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My question is : Is it possible to find two groups such that every function from one to other is a homomorphism ?

If not how can I prove it? .

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If the second group is just the identity, it works.

Note: as @celtschk points out, that's the only example for the second group, as is easily shown. (See Greg Martin's remark below for proof)

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    $\begingroup$ The group with only the identity is known as the trivial group. Also, it should be worth mentioning that this is the only way to make it work. $\endgroup$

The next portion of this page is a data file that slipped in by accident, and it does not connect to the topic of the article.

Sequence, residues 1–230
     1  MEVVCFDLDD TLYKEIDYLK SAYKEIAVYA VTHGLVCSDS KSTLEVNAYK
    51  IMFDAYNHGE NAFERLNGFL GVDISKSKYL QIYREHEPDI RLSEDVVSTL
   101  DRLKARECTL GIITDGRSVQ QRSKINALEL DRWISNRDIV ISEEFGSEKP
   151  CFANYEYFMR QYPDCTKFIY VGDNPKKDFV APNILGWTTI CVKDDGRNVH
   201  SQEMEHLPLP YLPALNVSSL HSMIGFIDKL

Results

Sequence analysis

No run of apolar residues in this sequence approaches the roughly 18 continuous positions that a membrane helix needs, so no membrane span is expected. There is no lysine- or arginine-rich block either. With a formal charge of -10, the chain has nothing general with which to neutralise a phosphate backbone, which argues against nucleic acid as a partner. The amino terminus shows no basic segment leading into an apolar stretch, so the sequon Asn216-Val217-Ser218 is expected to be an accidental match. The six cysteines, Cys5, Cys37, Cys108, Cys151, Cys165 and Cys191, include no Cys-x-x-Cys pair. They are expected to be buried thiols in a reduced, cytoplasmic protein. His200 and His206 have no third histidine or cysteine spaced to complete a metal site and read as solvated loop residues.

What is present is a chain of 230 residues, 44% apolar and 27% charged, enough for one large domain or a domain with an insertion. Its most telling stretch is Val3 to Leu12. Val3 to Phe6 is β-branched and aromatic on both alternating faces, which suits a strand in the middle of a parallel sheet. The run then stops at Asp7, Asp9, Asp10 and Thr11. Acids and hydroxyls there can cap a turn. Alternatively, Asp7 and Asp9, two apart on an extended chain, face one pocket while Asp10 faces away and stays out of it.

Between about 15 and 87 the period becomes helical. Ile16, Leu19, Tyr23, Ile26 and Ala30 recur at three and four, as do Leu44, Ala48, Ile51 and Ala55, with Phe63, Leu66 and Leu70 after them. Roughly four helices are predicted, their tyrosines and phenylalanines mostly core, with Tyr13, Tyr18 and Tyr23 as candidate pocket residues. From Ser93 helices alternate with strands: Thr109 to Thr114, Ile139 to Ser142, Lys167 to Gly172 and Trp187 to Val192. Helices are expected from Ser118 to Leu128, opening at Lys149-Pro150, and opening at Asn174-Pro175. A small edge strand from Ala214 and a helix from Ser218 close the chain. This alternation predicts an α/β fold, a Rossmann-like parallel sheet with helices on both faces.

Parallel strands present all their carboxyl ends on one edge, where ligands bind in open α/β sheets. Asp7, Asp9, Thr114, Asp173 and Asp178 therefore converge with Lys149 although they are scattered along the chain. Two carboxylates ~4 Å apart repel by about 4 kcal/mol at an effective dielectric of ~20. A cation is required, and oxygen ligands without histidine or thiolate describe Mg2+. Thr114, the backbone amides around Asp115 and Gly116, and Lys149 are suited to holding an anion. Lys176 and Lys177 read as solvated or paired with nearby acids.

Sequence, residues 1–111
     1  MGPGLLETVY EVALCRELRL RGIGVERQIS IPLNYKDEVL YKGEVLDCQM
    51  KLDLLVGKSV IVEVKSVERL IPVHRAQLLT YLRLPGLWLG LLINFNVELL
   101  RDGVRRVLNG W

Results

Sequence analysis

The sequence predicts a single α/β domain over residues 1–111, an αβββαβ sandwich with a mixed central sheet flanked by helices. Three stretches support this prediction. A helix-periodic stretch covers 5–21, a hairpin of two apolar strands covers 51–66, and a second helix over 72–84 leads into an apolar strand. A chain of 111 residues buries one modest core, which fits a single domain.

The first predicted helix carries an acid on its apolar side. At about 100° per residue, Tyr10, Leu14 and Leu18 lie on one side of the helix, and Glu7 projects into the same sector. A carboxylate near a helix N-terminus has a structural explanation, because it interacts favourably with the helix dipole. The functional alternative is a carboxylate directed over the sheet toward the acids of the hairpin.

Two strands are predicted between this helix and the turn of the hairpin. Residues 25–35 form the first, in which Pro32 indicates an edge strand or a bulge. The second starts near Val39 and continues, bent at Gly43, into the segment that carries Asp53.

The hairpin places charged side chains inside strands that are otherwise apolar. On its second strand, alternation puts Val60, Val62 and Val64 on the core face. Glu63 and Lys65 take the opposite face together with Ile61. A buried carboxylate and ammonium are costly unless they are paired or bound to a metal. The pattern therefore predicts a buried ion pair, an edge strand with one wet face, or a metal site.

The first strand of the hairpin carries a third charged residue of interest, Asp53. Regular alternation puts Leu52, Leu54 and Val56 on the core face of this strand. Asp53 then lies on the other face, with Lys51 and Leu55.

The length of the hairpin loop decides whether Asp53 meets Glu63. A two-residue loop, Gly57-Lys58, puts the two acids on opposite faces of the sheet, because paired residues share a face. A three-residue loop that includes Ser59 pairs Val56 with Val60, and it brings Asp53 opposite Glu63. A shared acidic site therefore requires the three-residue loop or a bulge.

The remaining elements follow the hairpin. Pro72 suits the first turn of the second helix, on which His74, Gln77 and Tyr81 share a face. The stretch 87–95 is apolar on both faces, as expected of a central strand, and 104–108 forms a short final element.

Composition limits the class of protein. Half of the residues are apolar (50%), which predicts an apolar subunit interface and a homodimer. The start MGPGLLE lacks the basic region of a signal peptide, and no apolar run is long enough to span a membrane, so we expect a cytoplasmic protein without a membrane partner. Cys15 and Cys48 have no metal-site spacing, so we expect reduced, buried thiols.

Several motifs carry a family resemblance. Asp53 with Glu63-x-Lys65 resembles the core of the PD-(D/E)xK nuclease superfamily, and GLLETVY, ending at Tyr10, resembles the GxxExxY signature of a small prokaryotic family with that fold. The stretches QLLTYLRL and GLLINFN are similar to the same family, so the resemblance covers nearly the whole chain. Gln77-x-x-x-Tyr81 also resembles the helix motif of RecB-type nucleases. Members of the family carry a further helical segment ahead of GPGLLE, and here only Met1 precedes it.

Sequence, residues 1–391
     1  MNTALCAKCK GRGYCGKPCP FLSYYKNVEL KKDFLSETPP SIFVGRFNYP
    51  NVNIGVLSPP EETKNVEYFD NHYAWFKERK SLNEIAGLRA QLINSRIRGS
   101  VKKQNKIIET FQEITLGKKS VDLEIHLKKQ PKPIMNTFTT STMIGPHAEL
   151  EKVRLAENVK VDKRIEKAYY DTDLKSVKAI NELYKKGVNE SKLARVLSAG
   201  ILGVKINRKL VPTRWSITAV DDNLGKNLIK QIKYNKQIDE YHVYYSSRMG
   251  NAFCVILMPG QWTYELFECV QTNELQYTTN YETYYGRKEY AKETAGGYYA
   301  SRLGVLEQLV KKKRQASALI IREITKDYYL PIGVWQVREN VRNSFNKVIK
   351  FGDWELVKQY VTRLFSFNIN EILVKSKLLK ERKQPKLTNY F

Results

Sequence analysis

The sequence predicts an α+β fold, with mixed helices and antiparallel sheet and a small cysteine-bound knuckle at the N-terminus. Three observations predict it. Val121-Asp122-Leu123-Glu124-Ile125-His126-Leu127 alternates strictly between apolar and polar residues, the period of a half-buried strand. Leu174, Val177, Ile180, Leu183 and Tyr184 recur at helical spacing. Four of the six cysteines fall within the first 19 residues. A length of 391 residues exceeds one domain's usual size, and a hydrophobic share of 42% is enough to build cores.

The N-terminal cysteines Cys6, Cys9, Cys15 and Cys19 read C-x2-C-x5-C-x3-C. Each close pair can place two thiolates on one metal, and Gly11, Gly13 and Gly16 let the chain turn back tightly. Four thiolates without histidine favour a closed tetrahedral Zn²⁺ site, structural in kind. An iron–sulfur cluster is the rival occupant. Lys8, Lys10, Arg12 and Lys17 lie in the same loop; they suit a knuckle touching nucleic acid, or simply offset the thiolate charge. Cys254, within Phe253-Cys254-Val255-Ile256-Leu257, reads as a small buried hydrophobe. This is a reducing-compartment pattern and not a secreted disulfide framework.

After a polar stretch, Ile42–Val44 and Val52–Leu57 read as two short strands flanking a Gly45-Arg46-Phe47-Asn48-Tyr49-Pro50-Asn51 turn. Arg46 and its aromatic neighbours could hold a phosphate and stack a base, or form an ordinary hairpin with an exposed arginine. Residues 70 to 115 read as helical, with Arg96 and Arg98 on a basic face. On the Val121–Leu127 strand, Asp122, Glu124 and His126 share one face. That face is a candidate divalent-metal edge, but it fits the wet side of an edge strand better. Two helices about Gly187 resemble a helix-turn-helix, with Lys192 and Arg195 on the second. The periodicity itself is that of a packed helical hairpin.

– celtschk
    Sep 12, 2018 at 5:44
  • $\begingroup$ @celtschk Yes, that's the usual term. I wanted to be clear so I spelled it out. And I agree it's the only way. $\endgroup$
    – coffeemath
    Sep 12, 2018 at 5:45
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    $\begingroup$ Since it's an easy proof to write down: if there exists a non-identity element $a$ in the second group, then any function that sends the identity element of the first group to $a$ is not a homomorphism. $\endgroup$ Sep 12, 2018 at 6:51

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